Karl Popper "People who do not agree with determinism are usually viewed with suspicion by rationalists who are afraid that if we accept indeterminism, we may be committed to accepting the doctrine of Free Will, and may thus become involved in theological arguments about the Soul and Divine Grace. I usually avoid talking about free will, because I am not clear enough about what it means, and I even suspect that our intuition of a free will may mislead us. Nevertheless, I think that determinism is a theory which is untenable on many grounds, and that we have no reason whatever to accept it.
Sir Karl Raimund Popper, CH FRS FBA (28 July 1902 – 17 September 1994) was an Austro-British philosopher and professor at the London School of Economics. He is generally regarded as one of the greatest philosophers of science of the 20th century. Popper is known for his rejection of the classical inductivist views on the scientific method, in favour of empirical falsification: A theory in the empirical sciences can never be proven, but it can be falsified, meaning that it can and should be scrutinized by decisive experiments. If the outcome of an experiment contradicts the theory, one should refrain from ad hoc maneuvers that evade the contradiction merely by making it less falsifiable.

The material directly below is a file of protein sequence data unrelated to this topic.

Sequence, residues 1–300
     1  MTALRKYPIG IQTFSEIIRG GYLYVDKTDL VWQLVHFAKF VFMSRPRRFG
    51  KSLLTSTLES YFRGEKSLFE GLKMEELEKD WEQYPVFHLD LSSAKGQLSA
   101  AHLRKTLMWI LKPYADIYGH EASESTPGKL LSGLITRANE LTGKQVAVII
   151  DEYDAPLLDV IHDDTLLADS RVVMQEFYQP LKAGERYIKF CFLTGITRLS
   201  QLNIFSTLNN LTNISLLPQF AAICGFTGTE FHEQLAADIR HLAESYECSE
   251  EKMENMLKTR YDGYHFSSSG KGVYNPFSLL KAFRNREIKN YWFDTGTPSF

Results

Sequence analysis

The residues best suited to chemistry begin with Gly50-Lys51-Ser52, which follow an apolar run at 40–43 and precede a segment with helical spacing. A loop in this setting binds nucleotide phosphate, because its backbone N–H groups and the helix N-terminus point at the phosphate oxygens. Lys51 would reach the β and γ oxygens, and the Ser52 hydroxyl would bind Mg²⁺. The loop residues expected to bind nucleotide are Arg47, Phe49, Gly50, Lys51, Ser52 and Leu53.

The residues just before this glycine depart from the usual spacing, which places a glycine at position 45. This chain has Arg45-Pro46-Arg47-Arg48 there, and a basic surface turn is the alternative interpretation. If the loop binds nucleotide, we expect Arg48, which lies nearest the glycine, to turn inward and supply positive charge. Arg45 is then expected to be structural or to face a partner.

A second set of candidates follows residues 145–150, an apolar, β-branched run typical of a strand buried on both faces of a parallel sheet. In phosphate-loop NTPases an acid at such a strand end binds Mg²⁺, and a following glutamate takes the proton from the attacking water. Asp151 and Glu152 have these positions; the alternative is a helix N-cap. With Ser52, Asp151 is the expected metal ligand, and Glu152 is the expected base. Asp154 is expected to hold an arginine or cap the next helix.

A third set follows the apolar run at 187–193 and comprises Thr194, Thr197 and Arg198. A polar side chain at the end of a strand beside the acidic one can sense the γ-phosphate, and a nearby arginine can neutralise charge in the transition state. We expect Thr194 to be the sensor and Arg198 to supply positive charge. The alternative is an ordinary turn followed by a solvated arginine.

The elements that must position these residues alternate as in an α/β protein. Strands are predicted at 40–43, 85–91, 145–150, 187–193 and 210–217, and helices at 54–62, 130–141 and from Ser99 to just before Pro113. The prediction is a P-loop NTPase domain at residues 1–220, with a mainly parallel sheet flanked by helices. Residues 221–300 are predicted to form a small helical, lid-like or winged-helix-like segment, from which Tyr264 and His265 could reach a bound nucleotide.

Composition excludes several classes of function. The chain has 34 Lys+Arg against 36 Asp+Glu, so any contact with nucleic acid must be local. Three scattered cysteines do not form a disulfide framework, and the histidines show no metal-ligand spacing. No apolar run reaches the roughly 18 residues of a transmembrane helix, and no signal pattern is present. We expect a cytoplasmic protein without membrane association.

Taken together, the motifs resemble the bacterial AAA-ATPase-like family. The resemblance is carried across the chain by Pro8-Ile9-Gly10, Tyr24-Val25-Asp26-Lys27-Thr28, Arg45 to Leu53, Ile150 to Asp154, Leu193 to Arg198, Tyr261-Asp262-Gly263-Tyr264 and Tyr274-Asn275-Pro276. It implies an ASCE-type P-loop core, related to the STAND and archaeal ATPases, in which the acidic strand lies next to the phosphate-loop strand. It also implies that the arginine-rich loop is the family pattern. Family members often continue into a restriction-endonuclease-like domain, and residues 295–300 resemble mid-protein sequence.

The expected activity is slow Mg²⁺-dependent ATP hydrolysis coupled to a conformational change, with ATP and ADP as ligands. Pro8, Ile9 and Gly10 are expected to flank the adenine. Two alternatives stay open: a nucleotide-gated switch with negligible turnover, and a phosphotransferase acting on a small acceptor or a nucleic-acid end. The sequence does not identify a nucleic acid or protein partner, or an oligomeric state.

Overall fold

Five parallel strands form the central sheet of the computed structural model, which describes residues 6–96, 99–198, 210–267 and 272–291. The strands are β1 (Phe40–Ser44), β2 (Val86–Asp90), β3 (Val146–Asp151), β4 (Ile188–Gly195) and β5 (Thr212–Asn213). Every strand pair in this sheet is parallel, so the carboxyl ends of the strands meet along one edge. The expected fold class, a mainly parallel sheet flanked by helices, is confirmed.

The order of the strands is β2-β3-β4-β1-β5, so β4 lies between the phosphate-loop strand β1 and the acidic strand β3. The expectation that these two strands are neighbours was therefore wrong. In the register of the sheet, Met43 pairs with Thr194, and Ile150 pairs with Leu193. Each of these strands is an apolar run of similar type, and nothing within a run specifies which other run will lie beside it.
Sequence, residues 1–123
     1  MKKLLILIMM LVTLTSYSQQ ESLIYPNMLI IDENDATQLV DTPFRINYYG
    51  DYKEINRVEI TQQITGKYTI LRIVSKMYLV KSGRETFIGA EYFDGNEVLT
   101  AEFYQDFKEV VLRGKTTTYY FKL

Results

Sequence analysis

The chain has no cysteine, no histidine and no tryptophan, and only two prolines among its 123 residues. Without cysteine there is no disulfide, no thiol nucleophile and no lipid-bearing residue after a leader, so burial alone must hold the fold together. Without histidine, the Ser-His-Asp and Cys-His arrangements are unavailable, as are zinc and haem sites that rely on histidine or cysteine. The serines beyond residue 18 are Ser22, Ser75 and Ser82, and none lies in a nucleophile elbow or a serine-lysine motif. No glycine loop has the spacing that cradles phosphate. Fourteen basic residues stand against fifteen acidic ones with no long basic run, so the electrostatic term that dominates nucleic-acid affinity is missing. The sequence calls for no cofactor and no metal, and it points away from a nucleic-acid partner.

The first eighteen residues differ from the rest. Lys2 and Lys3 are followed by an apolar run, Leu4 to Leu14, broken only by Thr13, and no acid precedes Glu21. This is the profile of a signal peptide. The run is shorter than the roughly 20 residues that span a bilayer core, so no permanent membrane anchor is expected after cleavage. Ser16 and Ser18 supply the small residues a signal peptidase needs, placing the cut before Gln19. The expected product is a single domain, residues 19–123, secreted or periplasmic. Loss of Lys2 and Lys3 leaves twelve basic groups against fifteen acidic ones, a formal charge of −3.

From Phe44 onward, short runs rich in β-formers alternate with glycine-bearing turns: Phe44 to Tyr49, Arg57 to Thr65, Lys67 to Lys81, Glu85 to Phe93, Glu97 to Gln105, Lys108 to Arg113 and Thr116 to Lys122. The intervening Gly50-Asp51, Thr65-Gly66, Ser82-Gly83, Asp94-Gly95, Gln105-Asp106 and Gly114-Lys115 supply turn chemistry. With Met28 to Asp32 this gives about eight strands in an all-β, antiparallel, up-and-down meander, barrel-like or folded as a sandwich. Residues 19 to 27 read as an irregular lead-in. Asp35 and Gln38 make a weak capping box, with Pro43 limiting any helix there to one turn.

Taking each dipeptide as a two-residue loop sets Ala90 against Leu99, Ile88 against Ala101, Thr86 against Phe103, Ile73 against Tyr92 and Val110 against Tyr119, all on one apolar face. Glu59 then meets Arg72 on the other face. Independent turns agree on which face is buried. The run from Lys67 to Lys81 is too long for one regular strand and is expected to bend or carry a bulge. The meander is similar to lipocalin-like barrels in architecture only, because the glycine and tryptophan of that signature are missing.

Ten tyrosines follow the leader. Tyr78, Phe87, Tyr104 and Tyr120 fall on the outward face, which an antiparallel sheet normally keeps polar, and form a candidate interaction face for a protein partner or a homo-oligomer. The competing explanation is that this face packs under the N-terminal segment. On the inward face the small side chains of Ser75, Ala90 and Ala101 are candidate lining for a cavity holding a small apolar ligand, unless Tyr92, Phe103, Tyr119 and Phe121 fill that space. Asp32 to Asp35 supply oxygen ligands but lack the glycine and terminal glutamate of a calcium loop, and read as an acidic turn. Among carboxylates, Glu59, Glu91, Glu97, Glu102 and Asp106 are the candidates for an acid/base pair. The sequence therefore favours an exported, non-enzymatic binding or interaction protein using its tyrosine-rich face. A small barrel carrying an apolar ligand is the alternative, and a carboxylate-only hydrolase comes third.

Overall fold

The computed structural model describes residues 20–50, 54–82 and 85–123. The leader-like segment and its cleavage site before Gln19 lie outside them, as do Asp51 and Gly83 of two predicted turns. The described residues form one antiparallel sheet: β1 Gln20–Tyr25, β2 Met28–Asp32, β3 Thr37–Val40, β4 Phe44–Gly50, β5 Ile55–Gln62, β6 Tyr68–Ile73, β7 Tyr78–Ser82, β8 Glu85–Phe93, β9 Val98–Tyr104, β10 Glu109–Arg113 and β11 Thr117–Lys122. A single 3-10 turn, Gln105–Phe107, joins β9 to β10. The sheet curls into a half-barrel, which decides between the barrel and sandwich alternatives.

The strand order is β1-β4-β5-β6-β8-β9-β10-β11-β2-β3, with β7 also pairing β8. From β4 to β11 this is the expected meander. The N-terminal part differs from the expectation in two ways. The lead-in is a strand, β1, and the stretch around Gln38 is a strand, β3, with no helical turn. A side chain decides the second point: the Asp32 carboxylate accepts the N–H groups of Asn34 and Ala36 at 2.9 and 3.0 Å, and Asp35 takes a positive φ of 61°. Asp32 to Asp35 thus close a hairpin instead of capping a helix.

The open society is a concept originally suggested in 1932 by the French philosopher Henri Bergson, and developed during World War Two by Austrian and British philosopher Karl Popper. Popper saw the open society as standing on a historical continuum reaching from the organic, tribal or closed society, through the open society marked by a critical attitude to tradition, up to the abstract or depersonalised society lacking all face-to-face transactions. History Popper saw the classical Greeks as initiating the long slow transition from tribalism towards the open society, and as facing for the first time the strain imposed by the less personal group relations entailed thereby. Open society